00:00 What 25 years of plant growth regulator usage has taught Lee Luber. 00:05 That's what we're talking about in this episode of Extreme Ag Cutting the curve. Welcome to extreme Ag Cutting the Curve podcast, 00:15 where you get a guaranteed return on investment of your time as we cut your learning curve with the information you can apply to your farming operation 00:24 immediately. Extreme ag, we've already made the mistakes so you don't have to. Managing your farm's water resources is a critical component to a successful and 00:35 sustainable farming operation. Advanced drainage systems helps farmers just like you increase their yields up to 30% with their technologically advanced water management products. 00:47 Visit ad s to see how they can keep your business flowing. Now, here's your host, Damien Mason. Hey there. 00:56 Welcome to another fantastic episode of extreme Ag Cutting the Curve. I've got Lee Luber and I've got Dale Hanky, Lee Luber, uh, 01:02 of Extreme Ag Gregory South Dakota Fame, and Dale Hanky, who is with Stole, uh, 01:09 what we're talking about before hit record button was most people are still really new on this journey of using PGRs and it's a hormone, 01:18 and we're gonna explain what they are, and we're also gonna explain how to use 'em and how Lee has learned to use them. 25 years ago you had a problem and you said, 01:27 I think the answer might be like putting some hormones on my plants. It was a pretty out there idea. Hell kind of an out there idea now, 01:34 but it was very out there back then. Dale says, no, we've been using plant growth regulators and hormones and cotton for 50 years, but not in Gregory, South Dakota where there's no cotton and not on broad crop, 01:44 soybean, wheat, corn. So kind of take me back 25 years ago and tell me what went on in your head that made you decide to do this. 01:52 Uh, we were looking at ways we could try to push wheat yield and uh, I was doing a lot of reading. This is pre-internet days. 02:00 This goes way back and doing a lot of research and reading and again, yeah, seeing, you know, in cotton they were using growth regulators, 02:09 they helped manage growth. We're, we were trying to accomplish that too because we did not get, want our wheat to lodge as we're pushing for yield, you know, 02:18 as we're getting a healthier plant. So we started looking at that, reading a lot of articles. And then also in the horticultural world, 02:26 PGRs have been, that's common practice, but you were not seeing it much in regular grain production in corn, beans or wheat. And we were kind of mystified by that, my brother and I. 02:38 So we just started doing a lot of research and we got hooked up with a company outta California as they were getting into, uh, 02:47 more into grain crops, and they were big in fruits and vegetables and transitioning over into products for, uh, regular grain production. And, uh, we 02:59 Started working with them two years ago. I, uh, was at the, uh, farm Progress Show. Chad Henderson and I were doing some taping, and he said, 03:07 you know, if I want to do something that's cutting edge for corn, soybean wheat production, I look at what's happening in the specialty crops. 03:14 Is that kind of the deal here, Dale? That wasn't anything new to California, especially crop people where Lee or you know, where Lee went and found this stuff. 03:23 You said cotton people have been using this for a long time. I just learned what APGR was two and a half years ago when I joined forces with 03:29 extreme ag. So it may not be new to the cotton people, it may not be new to the especially crop people in California. It's pretty new to me still. So take me, gimme a little history, 03:37 a brief history if you'll, Yeah. So, um, there's, it's a wide ranging category of PGRs, plant growth promoters. 03:45 Bio biologicals still really works in that PGR space or plant growth promoter space, mainly off hormone balance in crops. 03:53 So we're seeing more and more row crop folks at corn and soybeans, especially looking and, and we looking at what options they have in this, 04:02 this area with, with bioTE that's, and pgs even looking at making additional applications throughout the season, you know, typically you get, 04:09 you got an opportunity to get something in at planting, maybe something with your early herbicide pass than later in the season with the fungicide pass. But we're seeing more and more growers this year, 04:18 especially looking at, hey, we're, we're looking at making more applications throughout the season because they see that the, there's yield out there, 04:25 there's yield potential out there in the crop that they're missing out on. So I, I get it that solar's been around and doing this for a while, 04:32 and you said that there's bio stimulant, biologicals, plant growth, regular plant growth, promotants, et cetera, et cetera. But you said, okay, 04:40 we're using this 50 years ago. It's still not, it's still not like they're being used on every acre of corn, soy, or wheat right now. 04:48 No. It's still something that, I mean, really the untreated acre is, is what we look at. 04:53 There's a lot of growers that haven't really adopted this because they, you know, everybody knows you have to manage nutrition, 04:59 you have to manage any sort of weeded insect or disease pests. But there's another pest out there that, 05:04 that growers are really having to look at, especially over the last couple years here. And that's weather related stress. Anything that stresses that crop is gonna reduce yield, 05:13 just like weed competition, disease competition's going to. So there's some more solutions out there for growers to look at. The, 05:19 the challenge is there are thousands of solutions out there. So, um, so we all have to break it down and, 05:24 and Lee's done a great job over the years of really studying what a crop needs and, and basically looking at the hormone balance in a plant and, 05:32 and understanding what needs to be used at the right time. Lee, 05:36 you said that you and your brother looked around 25 years ago and it was about wheat lodging, wheat falling down, and that was the reason that, I mean, the, 05:44 the impetus that made you, like you said, pre-internet, you picked up some magazine articles, went to the library, whatever you had to do, phone a friend, 05:52 the number one issue was because the wheat was falling down. Is that the, the reason? 05:57 Yeah, we were trying to regulate growth and then that's when we started realizing, you know, you know, we'd heard the term PGR, so we go, well, 06:06 that's just gonna make things grow faster. Well, there's growth regulators, there's promoters, uh, like Dale said, there's, uh, uh, 06:16 it all comes down to hormonal balances is what you're striving for. And the more we got into it, 06:23 the more we were fascinated by it and our initial steps, uh, were successful. 06:28 And then we started to realize that we could actually use PG with our herbicide pass and really help set the stage for what we're trying to achieve 06:38 in the plant. And that's, that's been a big impact on us, is getting that mindset of what we're trying to accomplish with them. 06:48 So what you were trying to accomplish there was truly regulating the growth, but it, it was to keep it short. I mean, you still, you still need a big head. 06:55 You still need a big yield. So what thing did it do? I mean, the first year you, you obviously were hooked, you stayed with it. 07:02 What did it do that you were, that after that first year you said, holy crap, we're onto something. 07:08 Uh, we had, uh, thicker stems and our nodes were thick, were thicker, larger around, so we stood better so we could push more fertility to it. 07:18 And that was, that was a big plus for us. Okay. Dale, does that sound like a standard, um, a standard response? Uh, my first couple years, here's where I discovered thicker stem, uh, 07:30 push more fertility to it. Great yield. I mean, what's, what's the usual response when you say, man, I didn't even know about these sort of hormones and the hormone balance and now 07:39 I'm sold on it. What's the usual response? Yeah, hormone balance drives everything, but I think a lot of people understand that, hey, if I build a stronger plant, 07:45 better root system, stronger stem, stronger stock, I'm gonna be able to get higher yields at the end of the season. That's the su that's the surface level. And we dive into the, 07:54 the hormone balance, because that's what drives everything in a plant. Just like in humans, when you get stressed, the blood pressure goes up, 08:01 your cortisol levels go up in your body in plants, there's a hormonal way that the, the plant responds to that. And then once you learn how to help the plant manage that, 08:10 that's where you get wheat. That doesn't lodge as easily. You get soybeans with the right branching and internode spacing, 08:17 you get corn that doesn't have as much tip back on the ear of corn. All those things are a result of a hormonal balance or imbalance in 08:25 the plant. And so all we're doing is helping the plant manage that. How do you use bring wheat to today, Lee? 08:34 It's not just with your wheat. What are you doing now? Uh, our initial success with wheat, we were, uh, uh, looking at, Hey, let's start bringing it into other crops. So we did, uh, 08:47 20 years ago we were doing trials on corn where we kept cutting the corn plants off when they were about three to four foot tall. 08:54 One thing we noticed is the xylem, that's the what, through the center of the plant that feeds the plant. Water, nutrition, everything is going up through the plant. 09:04 They would be untreated the size of my small finger where we treated it size of my thumb. We increased the xylem feeding up into the plant, uh, 09:15 astronomically huge, uh, impact there. We had, uh, again, a little bit thicker rind on the corn plant. We had better standability. Uh, 09:25 one thing that took us gears to figure out is, uh, ear drop is something that farmers can complain about at times, and there is where hybrids are a factor, 09:37 certain hybrids are more prone to that. There is one common denominator, and this took us years that we figured out and backed it up with research that 09:45 we read. One common denominator with airdrop on corn cytokine and deficiency. A hormone deficiency. Correct. Common denominator a hundred percent of the time. 09:57 Okay. I met Dale in Alabama at Chad Henderson's place, and they, you know, takes me out. It wasn't blazing hot, it was May, 10:05 so it was only hot enough to be a pretty uncomfortable, and then he starts telling me about Cytokinin a little over my head. So by the way, also Xylem took me right back to biology there, 10:17 xylem and flow. And, uh, I'm, I'm all about it. I I appreciate that, Lee. I think in all my recordings with, uh, extreme ag, 10:24 that's a first reference to Xylem increasing the xylem size in a corn plant. I love it. Cytokines, you talked to me about this first time, 10:33 first day I ever met you, Dale, what do, what do I need to know about cytokines? Yeah, so cytokine is one of the five major hormones in plants. And 10:40 I also remember that I also remember you told me there's five major hormones and cytokine. One of is the, is that the most important one? 10:47 Uh, man, it's hard to say which one's the most important. Everybody's gonna argue that one, but it, it, 10:52 some of it's at the time of the season, certain hormones have more importance during different stages of the season. Like relic acid's very important to induce germination, 11:01 but we don't want as much ga later into the season. We want more cytokine in because, um, cytokine is made in root tips. It moves upward. If you don't have a real happy, healthy, active root system, 11:11 you're not gonna get a soybean plant that's gonna branch. You're not gonna get the tillering on the wheat plant that you want. 11:17 But then as we go into the later stages of the season, we talked about there, that's, that's very critical to have cytokine in later into the season. 11:26 And, and like we talked about in Alabama, if the plant is stressed and you don't have a good healthy root system, you're not gonna be making enough cytokine in to help the, 11:36 the reproductive development of that plant. And a lot of times what all, you know, what compounds that you get hot dry weather, 11:42 you're not gonna get moisture pulling up into that plant at like you usually would if you're not on irrigation. So any sine in that, 11:49 that really nice healthy root system is making, or was making is not gonna be, be pulled up in the plant as easily. So it's, it's a step-by-step process. 11:57 You know, that, that larger xylem, it's a thicker pipeline for a wider pipeline for that plant to pull in nutrients and moisture. You've gotta create that early and, and then later in the season, 12:06 keep managing it because if the plant isn't creating enough cytokine on its own, we can supplement for the, for the plant really easily. 12:13 But those physiological things you see in a, in a plant quite often and almost every time, it's usually a result of something that's going on in the hormones in a plant. 12:22 It's not, it, it can be very complex and very deep, but once you understand the five hormones in plants, kind of how they interrelate with each other, 12:30 inter you'll know when you go out to the field, what, what you need to use to fix that. Uh, all right. I want to go then, Lee, 12:39 you have a pretty substantial farming operation. You started out with your first usage of hormones on wheat, and you just told 'em about increasing the xylem size in corn. 12:52 Does a plant growth regulator or a, or a hormone, a plant hormone, does it get put on every acre you farm now 25 years into your journey? 13:02 Uh, yeah, we're putting it on in, in various modes. Uh, it could be seed treatment, it could be, uh, early post herbicide, it could be reproductive. Uh, we're looking at, uh, 13:14 where we can get the most bang for the buck. Again, we're setting the stage throughout the life of the plant to maximize yield, mitigate stress. That's, that's our goal. That's our focus. So we actually, 13:26 that's the great thing about it. You have numerous times you can take a whack at it. Mm-Hmm. The life of a plant. Well, okay, so it goes on every acre in some form or another. 13:37 Some of it's a seed treatment. Some of it's that time of planting. Some of it's during the season. When's the last time, 13:43 since you're the round the basis guy, when's the last time you'll put on a plant hormone? Uh, round, uh, into the home stretch, 13:53 Fungicide pass, Uh, uh, like on, uh, wheat, uh, even we'll go as late. Uh, we've done some experimentation into, uh, early dough, uh, doing some experimenting there. 14:08 Uh, flowering time is common, uh, soybeans, uh, R three, R five, uh, 14:15 when you're really dictating the seed size and the the final stretch, you know, what's gonna give you the big heavy soybeans, those big beans, uh, 14:25 corn, uh, we're dryland West River, South Dakota. We're not in CGA country, but we're getting into tasseling time and, uh, 14:34 and at brown silk now, uh, doing experimenting. The, the more, the longer we go and the more we round the bases, 14:42 the bigger the impact we're seeing. But it wasn't doing that just the late pass. It was setting the stage along the way so we could get to that point. 14:52 By the way, uh, Dale, I don't know if you've been to Lee's, you've never been to Lee's farm. Um, 14:58 the brochures that the speculators used to lure people, like his ancestors out there, uh, he showed it to me, he said, just like Iowa, but cheaper, I think was the, it was like, 15:11 just like Iowa, but cheaper. I'm like, and it kind of is in that it's rural, but then Iowa gets something that they don't get. It's called precipitation, 15:20 and also Iowa's closer to Civiliz. So it's the precipitation and civilization, uh, differentials. But he likes to talk about being West River. 15:29 Until you've been there, you may not fully understand. Am I right, Lee? Until you've been there. It, it's, it's, it's still not quite graspable. 15:38 Yeah. Huge weather swings, temperature, uh, precipitation. That's just the norm. Uh, so we that, 15:45 but that's the one thing we figured out years ago by using PGRs, getting into the plant hormone spectrum, uh, 15:52 we're able to handle those stresses so much better. We're, we're taking it the big this and we're smoothing it out, 16:00 but we're keeping the upward trend. That's the goal. So that's one of the things isn't a plant hor, you know, I guess before we hit record, Dale, you kind of corrected me, which is fine. 16:10 You're the, you're the guy that's the, the scientific guy around here. Um, certainly didn't offend me that to call everything 16:20 a plant growth regulator. We, we lump them in there, but there's a stress mitigation component to a lot of these plant hormones. Like Lee's talking about. He's going from, 16:31 he's going from the ground is just barely unfrozen to when they're planting to where it might be 104 degrees in July. There's a hell of a lot of stress. 16:40 The PGRs he's using have a stress reduction component to 'em. Yes. Yeah. So they off, so it's all about balancing the plant. 16:48 So there are hormones that will kick in when the plant gets stressed. And so some of these products, 16:53 these solutions help to offset that production of those stress hormones. And we can dive in deeper and go into that if you want, but 17:01 I think we should dive in deeper and go into that, uh, we keep it at the, uh, above eighth grade, but below PhD level. 17:09 Okay. Yeah, I can do that. So, so when the plant gets stressed, uh, the mechanism that plant uses to, to deal with that stress is it'll produce, 17:17 uh, what we call stress at levels of ethylene. So ethylene is a plant hormone. It's needed for proper flowering and proper seed development, 17:25 but when you get too high levels of ethylene, it basically makes that that plant, uh, ripen quicker than what we want. And so a lot of times, example, I'll use, 17:35 if you have corn that's in flooded conditions, you'll see it to, to put a tassel on and, and start to try to put an ear on. 17:42 Even that corn plant's only three or four feet tall, same exact thing happens in drought conditions. You'll see that corn plant do the same exact thing. 17:50 So why do you have the same exact response in two totally different situations? 17:56 It's showing you what's going on with the hormone balance in a plant. It's that stress reaction. So a lot of what growers are doing and using these, 18:03 these PGR or P or plant growth promoter type products, they may not realize what they're doing with that, but they're really helping that plant to deal with that production of, 18:13 of ethylene in the plant. Um, ethylene is not always necessarily a bad thing, like in specialty crops, a lot of times they'll use it to, 18:20 to make that plant ripen a lot faster. But, um, but that's the hormone we have to really manage as much as we can, uh, to help that plant get, get through everything it's dealing with. 18:33 Lee, you wanna add anything to the, the farmer perspective? Well, from this farmer's perspective, yes, it's, 18:40 it's about preventing that second and major ethylene spike. Uh, once you're, you go through stressful conditions in your plant internally, uh, 18:50 a a plant needs ethylene. It's, it's part of one of the components. It's needed, but not too much. And, uh, 18:57 it can be from weather stresses and only, and it can be compounded by malnutrition, poor fertility, et cetera, being waterlogged, you name it, various factors, you get an ethylene spike, 19:08 and if it gets to a certain trigger, then what it does, that sets a stage where the plant is gonna do a second spike in a matter of time, uh, that's set after that, 19:19 and that's the one that truly does damage you can't come back from. And that's when, uh, you're gonna get a lot of cell damage, uh, tissue damage, 19:28 uh, that's when you're gonna see major burning on leaves. Uh, a lot of things like that yellowing. 19:34 And your goal is to prevent that really bad second ethylene spike that's gonna happen inside the plant. So if we can mitigate stress and alleviate that, 19:47 we can keep that from happening. We can keep those ethylene levels from getting to dangerous levels because you can't, you can't fix that. It's strictly a preventative mindset. 19:59 Uh, like I said, that's, that's the big hurdle that a lot of people need to, uh, think about in the use of pgs. It's like, uh, 20:09 you're setting the stage for what the plant needs next, uh, the potential threats and potential, uh, boost for yield. 20:17 You're setting the stage, that's what you're trying to do. Uh, you're not spraying it on to kill a weeded, 20:22 you're not spraying it on to prevent a disease. You're trying to set the stage to alleviate the stress. All right. I have a question that either of you can answer, maybe Dale first, 20:34 uh, fungicide. Uh, you know, you guys have taught me if you wait until you see evidence of a fungus problem, um, or, or you know, rust, whatever, 20:46 you've already lost yield so you, it's preventive, right? And then obviously we all know that if you wait until the weeds have already, 20:54 you know, are waste tile, you've already lost yield, they've already taken nutrients. What about PGR usage? In other words, is there a time sensitive or even time critical issue 21:06 with them? Because Lee just described you're preventing this bad day when this plant is at flag stage or flower. You know, he went through all those different things. 21:15 Or can I just put 'em out there and they st they stick around and it tell me about the time sensitivity or even time critical nature of usage of them, Dale. 21:24 Yeah, it's really important to be proactive. You can't really go backwards. I mean, a lot of times we're doing field days and people come out and see these 21:30 wonderful looking beans and say, Hey, what can I do? Well, we can't really go backwards and, and reframe the structure of that plant, 21:36 so we wanna be ahead of the game as far as, as being proactive with, and it doesn't have to be real complex. You can put it in like, like Lee said, 21:44 in furrow or seed treatment. Early foliar pass to herbicide goes right along with what the, the grower is doing now, activity in the plant, typically, 21:52 depending on weather conditions and how much stress there's out there, we're looking at maybe 10 to 14 days of activity in the plant. 21:58 So are there opportunities to spread that out? Yeah, maybe take the full rate of the product and, and you can split it through multiple times throughout the season. 22:07 They do that a lot in the fruit and vegetable crops because they're in drip irrigation. 22:11 They're out there going across the field every week anyways with some sort of a, a pesticide. Um, and corn and soybeans, growers don't wanna do that as much. 22:19 And so, uh, but there are opportunities you can spread your applications out throughout the season to help manage it better. If, if a willing, 22:26 a grower's willing to do that, it takes a little more management, but then it'll pay off in higher yields at the end of the season. 22:33 So, Lee, you can't just do all this. You said you start with that time of planning. There's a, there's a practicality issue. You have a lot of acres to get over. 22:43 You've talked about it's you and very limited amount of, uh, workforce. Um, how do you do it so that you hit your time? Critical, uh, 22:54 dates, or shall I say phase of plant growth without being out there every day? Uh, most things we do, uh, the products, uh, 23:06 they play well with what we're doing. They go right in the tank. And, uh, that's the biggest mistake I have seen over the years, uh, 23:14 with people trying pgs is, uh, they, they put 'em on too late. They, uh, they should have been on sooner. Uh, they, they, uh, they bought 'em and then they, and then they debated about using them, 23:27 and they should have already had it in the, on the field in the plant doing its thing, and then they go put it on late and then wonder why they don't get the results. 23:37 I've seen that as a common theme over and over throughout the years. Yeah. And then they, they do that once or twice and say, ah, 23:44 those people are all full of it. This doesn't, doesn't work. And it's like, no, it would work just fine, but you can't put it out there after the, 23:50 to Dale's point, the, the hormones have to be I balance here, not there. Right. And, and it's, what, what are the mistakes, Dale? 23:58 What other mistakes when it comes to using plant hormones, uh, what do they do wrong? 24:03 I think one of the things too, the one caveat there where you can't be proactive, what if you get a hailstorm? You don't know that that's coming, so you really can't always plan for that. 24:11 But, so we've got some solutions to help. When you get drastic conditions like that that come up. We've had issues with herbicide damage come up more and more lately. 24:19 There's things we can do because basically what's happening in a, in a, any sort of a damaged situation like that, that definitely's spiking. 24:27 So we've got some solutions to help with, with what's going on there. But, um, I think it's, it's a planned approach as, as growers come to the end of harvest, 24:35 start thinking about next year, let's look at our plan, our game plan, when you, you know, rather than just going out across the field, okay, 24:41 what am I gonna do for my nutritional plan? What am I gonna do for my pest management plan? Then the third part of that is, what can I do to, to manage stress for that crop? Because we have to remember, 24:51 if we get thirsty, we can get a glass of water, we get cold, we can turn on the heat hot, we can turn on the air conditioning. 24:56 The plant has to stand there from April to September and deal with every single thing that it's dealing with, right? And, 25:02 and sometimes it's not the drastic things that happen. I mean, a temperature, uh, that's five degrees above. What, 25:08 what's optimal for that plant is gonna cost bushels at the end of the, at the end of the day, you know, at the end of harvest. So 25:14 I wanna talk about bushels, Lee. Uh, you know, we always talk about this as a business. Obviously you're, you're, you're trying to make a living. 25:22 If I did a plot and I used fertilizer and I did another plot and I didn't use fertilizer, I mean, there's all these things. 25:27 If I use herbicide and I use herbicide, can I put two fields across from each other and see a market difference between the one where I used different forms of plant growth 25:39 regulation and one that I did not? I mean, is it, is it night and day? Would I just, 25:43 would I come out there and ride in a combine with you and say like, holy crap, this is done deal, sign me up. 25:49 Well, we've seen, we've seen good results, but again, it's part of our program. It's, uh, this is a tool in our toolbox. 25:58 That's how we utilize pgs. They're a tool in our toolbox. We incorporate 'em in with the other things we're doing to maximize yield. 26:05 So no one thing is the silver bullet for yield, but for us, they work well because we're also setting the stage with a good fertility 26:14 program, disease management, all that's coming into play. Uh, Dale mentioned about, uh, hail damage and soybeans. Uh, 26:22 we had one area this year actually, uh, with about 700 acres of hail damage when they were about B four. And, uh, I recently did a video for XA that will, is editing now, 26:34 and I titled it from, uh, uh, turning Lemons into Lemonade. And I'm standing in the field about a week ago. And this field, 26:43 they looked bad. Uh, they were all chopped up. A couple of the neighbors around us even went and tore theirs out replanted, but nobody else went in with a sprayer. 26:54 We went in with a sprayer with PGS fungicide and foli liter nutrition. And, uh, we're in a drought this year and in that area, uh, uh, we, 27:07 we got about half of 'em cut yesterday before the rain hit, and we're pushing over a 60 bushel average. 27:14 And I can guarantee the guys around us are not coming close to that. Uh, again, it was a, it was being flexible, but yet proactive. 27:22 'cause we knew what they could do for us. So we took lemons and turned it into lemonade, and we gained a lot of bushels by doing that. Uh, we took, uh, 27:32 soybeans with split stems, broken nodes where they actually, they have, they went out and made two main stems and we pushed them and, 27:40 and we actually have a very good bean job, By the way, Dale. I mean, if you're in Gregory, South Dakota, soybeans are as close to lemons as you're gonna get. I mean, let's face it, 27:51 he's, he's talking about lemons, but you don't see such things up there. It's ci Hey, here's a question I got for you. When I was at your farm, 27:59 you talked a lot about every single thing you can do to conserve moisture, because generally you're, after you get past the snow melt, 28:07 it's dry. The neighbors that decided, oh, we're gonna tear out these soybeans and, and replant. Well, already you got time working against you, 28:15 but also you depleted what moisture was already there that, I mean, you, you, 28:21 you salvaged a crop that they thought the best answer was to tear 'em up and replant. 28:25 There's a number of reasons why that was probably a bad idea and moisture being one of them. And length, length of season, right? 28:33 Yeah. On the one field, I was actually spraying, uh, looking across the fence as the neighbors replanting. And, uh, he was probably looking at me a lot funnier than I was looking at him because I 28:46 knew what was in our sprayer and why we were doing it. Yeah, Yeah. Is that, where, is that, where there, I mean, 28:54 granted every acre doesn't get hailed. Is that where there's an opportunity for someone to see the first benefit of it? I mean, it seems like that's, that's kind of a, a pretty glaring one, Dale. 29:04 Yeah, that's a drastic example of it. I, I think, um, Lee touched on something really important there. It's knowing the why, you know, and, and what we like to do, 29:13 ATTO is teach dealers and growers the why behind you use these products. So when you, when you're dealing with something, 29:19 you know why you're putting it out there. There's a lot of claims made by a lot of products out there. And if you know the why, then then you're in control as a grower, 29:27 and you can make those decisions on what that, what that plant needs. And so the why, the, 29:34 the why after the hailstorm is to try and salvage something. What's the other why? Yeah, the person that's listening to this, 29:40 the person that's listening to this that says, all right, I'm gonna do this. You know, 29:44 Lee has taught me from his 25 years of experience why I should do this. How should someone get started? Because I'm, I'm convinced maybe I'm wrong, 29:51 I'm convinced there's a lot of farmers that are not using any plant hormones in their mix. 29:55 Yeah, I think the first thing is really to consider some of these challenges, how much they hurt yield, and the, 30:01 the fact that you actually can do something about it. You know, I mean, we're not gonna be able to save something from an absolute drought or flood or 30:06 that sort of thing. It's not magic dust, but look at what's, what is the challenge that you're trying to, 30:12 to manage before the crop has to deal with it? You know, if you can, if you can prepare the crop before it has to deal with a stress event, 30:19 it's gonna get through it a lot easier. So you, at the beginning of the season, you can look at what you can do. If you've got in furrow on your planter, 30:27 then you can definitely do some things that way. If you don't, there's some things you can do as a seed treatment, 30:32 but it's all about building the architecture and that plant. So yeah, we all know the plant's gonna have stress, 30:38 especially in South Dakota later in the season, the, the faucet's gonna turn off, it's gonna get hot. What can you do to build that plant from the very start? Well, 30:45 let's get a strong, well established root system that's gonna definitely help you with more moisture uptake and nutrient uptake. Everybody knows that, 30:52 but the root system is very critical for hormone production in the plant. These plants do these things naturally. 30:59 We're not doing anything necessarily different that that plant can't do on its own in perfect conditions. But when conditions aren't perfect, 31:06 you're not gonna get the perfect yields that you're looking for. So, so we start early, but if you've got a real healthy established root system, 31:13 it's going to be a better anchor for that plant. But you're also going to have a thicker stem and a thicker stalk. So if you have a thicker stem and stock later in the season, 31:21 that plant isn't gonna have to work as hard to bring up nutrients and moisture from the roots. And so it's a, it's a stage by stage process. And like Lee said, 31:29 it, it can be, we can dive into the science as much as anybody wants so people really understand it. But it can be as simple as, Hey, 31:37 what's the solution I put in at planting? I'm gonna go across with a herbicide pass. What can I put in there at that pass? I'm gonna go across my fungicide. What can I do during that application to, 31:46 to help maintain that hormone balance? Lee, we talk about money because, uh, we need to, although most farmers don't wanna talk about money on a, 31:58 on an average basis across all three crops that you produce, how many dollars per acre going to a plant hormone type of product in the year 32:07 2023? Uh, it will vary on the crop. It could be as low as four, it could run as high as 15. Just depends. 32:23 Uh, actually going back to those beans that got healed on this, hopefully we'll get people's attention. You know, what our goal was that day? 32:32 Minimize our loss, lose less money than our neighbors. We thought if we can do this and get 30 and they get 20, we win. And we actually got, 32:41 we got lucky and they really took off and we got a great crop. So really that was our goal. It was about minimizing our loss from the hail. 32:51 Yeah, that was goal that day. Yeah, that's, that's, by the way, it's a great story because you're sitting there thinking, my God, 32:57 what if we can still somehow salvage 30 bushel beans, you know? Uh, and there you double that and you doubled it. 33:05 So four to $15, presumably the 15 is on the corn because you're going over it more times. Yeah. And soybeans. Yeah. Mm-Hmm, 33:13 Four. It might, it might only be $4 per. All right, what else? Uh, get me outta here, Dale. What do I need to know? You already told me. Start, 33:21 start, start realize I gotta use it season long. It's a season long approach. That's what we heard. 33:25 It's a season long approach and, and the mindset is a little bit different. Everybody wants to know, what do I do to increase yield? Well, 33:31 I'm sure everybody in extreme mag, you've been following the podcast and following videos, knows how to optimize their nutrition. 33:39 But once you've done everything you can to increase yield in your mind, it's what do you do to prevent loss of yield? 33:45 That's the message today and what farmers are dealing with every season is, what do I need to do to prevent loss of yield? 33:51 We know from all the yield records out there that the, the yield potentials in that seed, it's what can you do on a daily basis to prevent loss of that yield so that at 34:00 the end of the season you've got the yield results that you're really looking for. 34:04 I'm leaving it right there. His name's Dale Han. He's with Stoller. And then we got our man Lee Lubert from Gregory, South Dakota, Hale 34:12 Lizards, uh, locusts, uh, drought, you name it. He battles it out there. Anyway, uh, thanks for being here. Talking about plant growth hormones, talking about plant growth regulators, 34:23 talking about plant hormones in general and lessons from 25 years of using them. Uh, that's Lee Luber. So anyway, if someone can benefit from this that's, uh, 34:31 starting their journey with using such products, please share this with them. Also, remember, 34:35 there are literally hundreds and hundreds of videos from the field and from episodes just like website. 34:42 Share them with somebody that can benefit from them. It's all free. It's like a catalog of information to up your farming game. So next time, 34:48 I'm David Mason. Thanks for being here. That's a wrap for this episode of Cutting the Curve, but there's plenty more. Check out Extreme Ag Farm where you can find past episodes, 34:58 instructional videos and articles to help you squeeze more profit outta your farm. Cutting the curve is brought to you by Advanced Drainage Systems, 35:09 the leader in agriculture, water management solutions.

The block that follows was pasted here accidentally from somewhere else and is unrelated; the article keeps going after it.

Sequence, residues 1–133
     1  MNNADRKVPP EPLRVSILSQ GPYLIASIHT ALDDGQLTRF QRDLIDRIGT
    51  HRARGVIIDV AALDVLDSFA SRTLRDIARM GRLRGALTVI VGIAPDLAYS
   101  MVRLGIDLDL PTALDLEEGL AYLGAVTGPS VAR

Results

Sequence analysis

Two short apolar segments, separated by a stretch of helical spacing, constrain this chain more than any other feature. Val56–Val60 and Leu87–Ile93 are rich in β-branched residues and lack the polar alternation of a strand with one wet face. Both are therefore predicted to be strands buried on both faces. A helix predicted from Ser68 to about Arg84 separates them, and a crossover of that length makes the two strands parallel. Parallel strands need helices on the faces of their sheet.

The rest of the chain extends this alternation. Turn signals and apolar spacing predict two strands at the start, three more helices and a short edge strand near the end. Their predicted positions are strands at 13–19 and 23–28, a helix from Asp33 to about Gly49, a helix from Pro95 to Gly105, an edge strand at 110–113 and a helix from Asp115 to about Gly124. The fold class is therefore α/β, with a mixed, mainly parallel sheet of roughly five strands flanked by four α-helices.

Growers In This Video

See All Growers